A Bloomberg survey of forex analysts conducted showed 60 per cent favour a 14 basis points move in June, reversing the 14 basis point cut made in November of 2020.

That could provide ongoing support to the two antipodean fiats for the rest of 2022, but only if the market keeps believing their central banks will lift rates aggressively.

Given that the market is already priced at the top of the current range, the RBA will need to deliver if the Australian Dollar's strong advances will keep going in 2022.

An analyst note from Dankse Bank said currency traders ‘are already pricing AUD hawkishly, and for that reason we don't believe relative rates can provide much long-lasting support for the Aussie.’

Any slowdown in the pace of rate hikes, or signals that hikes will be slow to arrive, could create downside pressures for the currency.

‘We also think the cash rate will reach 124 basis points by November, adds Danske, well below market pricing but more or less above most other forecasts. The RBA minutes suggest traders need to be on the lookout for more indicators over coming weeks, but no one can deny that the Board’s approach to policy has changed.’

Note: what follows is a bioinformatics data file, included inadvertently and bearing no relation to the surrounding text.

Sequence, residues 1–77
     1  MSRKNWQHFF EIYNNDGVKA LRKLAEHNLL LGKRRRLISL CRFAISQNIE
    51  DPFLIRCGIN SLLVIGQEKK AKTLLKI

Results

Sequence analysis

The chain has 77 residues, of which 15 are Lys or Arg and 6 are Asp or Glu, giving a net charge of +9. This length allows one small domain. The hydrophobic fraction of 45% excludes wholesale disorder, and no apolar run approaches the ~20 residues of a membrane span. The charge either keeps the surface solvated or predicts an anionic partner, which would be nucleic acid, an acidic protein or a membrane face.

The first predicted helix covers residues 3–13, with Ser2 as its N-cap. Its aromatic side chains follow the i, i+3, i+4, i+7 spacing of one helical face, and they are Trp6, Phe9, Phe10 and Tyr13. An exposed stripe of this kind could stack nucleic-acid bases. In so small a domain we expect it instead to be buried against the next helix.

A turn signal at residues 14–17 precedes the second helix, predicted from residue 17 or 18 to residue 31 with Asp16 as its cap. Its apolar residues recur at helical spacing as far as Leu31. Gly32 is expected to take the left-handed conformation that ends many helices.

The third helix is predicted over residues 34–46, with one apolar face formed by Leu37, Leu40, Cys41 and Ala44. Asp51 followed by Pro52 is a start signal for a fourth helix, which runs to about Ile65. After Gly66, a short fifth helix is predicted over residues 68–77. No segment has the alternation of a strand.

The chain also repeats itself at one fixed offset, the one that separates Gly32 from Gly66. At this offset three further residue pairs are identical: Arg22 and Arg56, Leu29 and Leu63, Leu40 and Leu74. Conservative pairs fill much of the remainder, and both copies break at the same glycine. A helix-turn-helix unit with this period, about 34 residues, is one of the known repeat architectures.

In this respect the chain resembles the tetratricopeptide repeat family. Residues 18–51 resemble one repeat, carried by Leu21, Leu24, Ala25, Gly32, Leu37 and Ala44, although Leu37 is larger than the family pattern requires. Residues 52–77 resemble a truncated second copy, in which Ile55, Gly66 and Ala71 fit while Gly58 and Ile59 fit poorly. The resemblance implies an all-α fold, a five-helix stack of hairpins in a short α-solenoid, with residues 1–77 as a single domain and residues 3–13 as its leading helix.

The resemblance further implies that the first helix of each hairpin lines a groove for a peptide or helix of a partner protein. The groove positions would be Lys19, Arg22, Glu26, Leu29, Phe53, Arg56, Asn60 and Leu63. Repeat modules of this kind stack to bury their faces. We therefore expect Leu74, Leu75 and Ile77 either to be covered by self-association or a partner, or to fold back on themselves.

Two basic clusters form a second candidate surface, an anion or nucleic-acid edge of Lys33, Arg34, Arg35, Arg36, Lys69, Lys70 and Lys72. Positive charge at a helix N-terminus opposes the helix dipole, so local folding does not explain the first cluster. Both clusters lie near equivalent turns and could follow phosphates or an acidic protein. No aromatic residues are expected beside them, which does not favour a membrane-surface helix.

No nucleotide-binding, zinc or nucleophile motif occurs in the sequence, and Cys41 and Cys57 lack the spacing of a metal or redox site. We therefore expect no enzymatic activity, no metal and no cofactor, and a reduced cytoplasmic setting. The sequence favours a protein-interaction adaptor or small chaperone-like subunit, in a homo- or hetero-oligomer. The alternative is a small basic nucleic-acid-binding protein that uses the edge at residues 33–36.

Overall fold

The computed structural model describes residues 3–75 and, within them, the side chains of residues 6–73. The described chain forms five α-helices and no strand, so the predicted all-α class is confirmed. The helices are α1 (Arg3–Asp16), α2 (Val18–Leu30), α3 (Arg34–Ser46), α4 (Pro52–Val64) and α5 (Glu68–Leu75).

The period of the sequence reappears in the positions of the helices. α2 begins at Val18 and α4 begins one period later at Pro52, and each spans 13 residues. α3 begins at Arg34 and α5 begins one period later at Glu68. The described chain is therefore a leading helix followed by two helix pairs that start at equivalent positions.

Aussie on a roll?

AUD remains the best performing major of 2022 and analysts expect it will remain buoyant, particularly after news that China is set to inject fresh stimulus into its economy.

Authorities in Beijing are responding to a sustained growth slowdown and announced earlier in April that further support for Australia's biggest export market is on the way.

Terence Chu of Barclay’s Forex Strategy unit told The South China Morning Post that the prospect of an imminent bank reserve requirement ratio (RRR) cut has increased after the State Council said China will use all monetary tools at its disposal.

The China State Council said it would stimulate economic activity through a cut to the amount of cash banks are required to hold in reserve. Easing that risk management requirement allows them to lend more freely.

The council said that large Chinese banks could slowly lower their reserve requirement ratio, which is the amount of deposits they are required to park with the central bank.

The moves come as Beijing tries to deal with slowing growth created by steep lockdowns imposed due to a renewed COVID surge in recent weeks, most visibly in commercial centre Shanghai.

China's central bank last lowered its RRR in December 2021, just days after the government suggested the easing move was imminent in a State Council session.

That cut released 1.1 trillion yuan (USD 187.60 billion) in liquidity back in into China's banking system.

‘With the scale of economic weakening we’ve seen in China due to covid lockdown, the market not only expects a fast reduction in the reserve requirement ratio, but traders are also looking for the benchmark prime rate for loans be lowered next week,’ Added Chu.

News of stimulus for China's economy normally delivers a tailwind for AUD, as China accounts for the majority of Down Under's commodity exports.